Tesla is playing the long game. Despite its market value tumbling $700bn year-to-date and its share price currently trading at a two-year low, investors and analysts are mostly optimistic about the auto maker’s medium- to long-term outlook, as well as the future of the EV industry in general.
- Elon Musk sold 22 million Tesla shares worth $3.6bn last week.
- Cathie Wood bought nearly 75,000 Tesla shares across three Ark Invest ETFs.
- Tesla’s share price is down 57.4% year-to-date.
Elon Musk offloaded 22 million Tesla [TSLA] shares worth approximately $3.6bn last week in a second tranche of sales, bringing Musk’s total selloffs to $39bn since the EV maker’s stock peaked in November 2021. This comes despite Musk announcing there would be no further TSLA sales in April.
Against the backdrop of a lower week for the overall stock market amid looming recession fears, Tesla’s share price fell 6.3% on Monday and 10.5% over the last week, making for a 57.4% year-to-date drop.
Following the price tumble, Musk lost his position as the world’s richest person to Bernard Arnault, the CEO of luxury fashion brand Moët Hennessy Louis Vuitton [LVMH.MI].
The exact reason for the stock sale is unclear, although a tweet by Musk on Tuesday alluded to debt and interest rates, and some are speculating it could go towards paying off Twitter’s $13bn debt.
Musk juggles Twitter and Tesla
While Tesla’s stock has lost more than $700bn in market capitalisation since its high at the beginning of the year, it still leads the charts as the highest-valued auto maker globally, and continues to far outweigh competition in the EV space.
Many investors are, however, sceptical about Musk’s involvement in Twitter, and believe Tesla could have enormous medium- to long-term growth potential if its CEO focused his attention there instead. Future Fund portfolio manager Gary Black said in a tweet that he wishes Musk would “hire someone to fix Twitter”, and focus on Tesla as CEO, which, he believes, “could be a $3trn market cap company in five years.”
Tesla’s shares began sharply declining since the Twitter deal closed end-October, and are now at their lowest point in two years.
On the other hand, some still have great confidence in Musk'd vision. Ark Invest’s Cathie Wood picked up nearly 75,000 Tesla shares across three of her ETFs after the latest stock selloff, capitalising on the plunge, and in doing so indicated her confidence in the EV maker’s long-term potential.
Analysts are wary
Historically, Tesla’s stock movement has not always been the best indicator of the company’s performance, with Musk himself claiming the share price was at times inflated. Trading at discounted rates currently, the stock appears to be offering an opportunity to invest for the long term. Out of 43 analysts, 22 held a ‘buy’ rating and 12 settled on ‘hold’, according to MarketWatch data.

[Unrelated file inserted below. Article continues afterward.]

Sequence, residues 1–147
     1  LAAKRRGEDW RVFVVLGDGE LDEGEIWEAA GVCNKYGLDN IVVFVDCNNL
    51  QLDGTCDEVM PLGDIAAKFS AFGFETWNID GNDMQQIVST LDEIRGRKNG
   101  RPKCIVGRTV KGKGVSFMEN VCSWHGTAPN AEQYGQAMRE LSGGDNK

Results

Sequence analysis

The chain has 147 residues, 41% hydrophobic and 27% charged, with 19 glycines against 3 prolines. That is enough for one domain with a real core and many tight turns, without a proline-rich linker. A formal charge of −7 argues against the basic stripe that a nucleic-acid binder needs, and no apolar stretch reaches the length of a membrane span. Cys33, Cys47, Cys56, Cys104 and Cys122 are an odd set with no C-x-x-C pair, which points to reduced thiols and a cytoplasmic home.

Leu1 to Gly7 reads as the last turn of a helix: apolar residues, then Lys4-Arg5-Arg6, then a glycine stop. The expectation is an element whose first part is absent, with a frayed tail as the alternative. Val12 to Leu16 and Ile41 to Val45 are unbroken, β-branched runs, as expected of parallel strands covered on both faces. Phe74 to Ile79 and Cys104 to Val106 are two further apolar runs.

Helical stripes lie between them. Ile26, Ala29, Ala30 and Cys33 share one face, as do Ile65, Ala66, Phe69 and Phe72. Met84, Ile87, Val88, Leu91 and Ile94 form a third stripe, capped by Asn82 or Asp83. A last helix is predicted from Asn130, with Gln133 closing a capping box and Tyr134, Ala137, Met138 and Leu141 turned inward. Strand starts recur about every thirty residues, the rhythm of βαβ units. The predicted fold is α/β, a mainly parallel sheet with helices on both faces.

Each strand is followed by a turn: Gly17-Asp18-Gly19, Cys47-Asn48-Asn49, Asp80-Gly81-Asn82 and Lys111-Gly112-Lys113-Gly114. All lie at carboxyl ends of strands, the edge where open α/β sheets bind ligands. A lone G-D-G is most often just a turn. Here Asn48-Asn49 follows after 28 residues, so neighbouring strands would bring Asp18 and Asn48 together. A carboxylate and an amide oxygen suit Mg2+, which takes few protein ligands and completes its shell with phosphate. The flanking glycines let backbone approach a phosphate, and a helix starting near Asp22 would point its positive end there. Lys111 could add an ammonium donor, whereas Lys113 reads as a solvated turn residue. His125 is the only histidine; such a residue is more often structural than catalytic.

Raising concerns about Musk's divided attention, Goldman Sachs lowered their target price from $305 per share to $235. By contrast, Morgan Stanley chose Tesla as one of its three “top picks” for 2023, standing by its price target at $330.
Neverthless, the firm is not optimistic about the short-term outlook of the sector. Morgan Stanley analyst Adam Jonas said he expects a “challenging” 2023 for the broader auto industry, and particularly for EV makers, due to dropping demand and deflation, with car prices reaching unaffordable levels.
In short, Morgan Stanley argues for cautious optimism, believing that Tesla has what it takes to ride the recession wave and emerge stronger in the medium to long term.
Funds in focus: Global X Lithium & Battery ETF, VanEck Low Carbon Energy ETF, First Trust NASDAQ Clean Edge Green Energy Index Fund
In a recent interview on thematic investing with Opto Sessions, Pedro Palandrani, the vice president and director of research at ETF provider Global X, recommended “identifying those disruptive macro-level events that are changing our economy” when scouting for themes with long-term potential. The Global X Lithium & Battery ETF [LIT], for instance, is down 9% over the last month, but represents a strong opportunity as EVs are now powered by lithium-ion battery cells. The EV sector is set to grow from about $178.5bn in 2021 to $1.1trn by 2030, according to Beyond Market Insights.
The First Trust NASDAQ Clean Edge Green Energy Index Fund [QCLN] includes a 5.37% holding of Tesla, and has distribution across automobile, renewable energy, semiconductors and other related industries. The fund was down 10.9% in the last month and 23.3% year-to-date.
The VanEck Low Carbon Energy ETF [SMOG] offers exposure to industries involved in clean energy and has a 4.83% holding of Tesla. The fund is down 1.25% over the past month and down 26.5% year-to-date.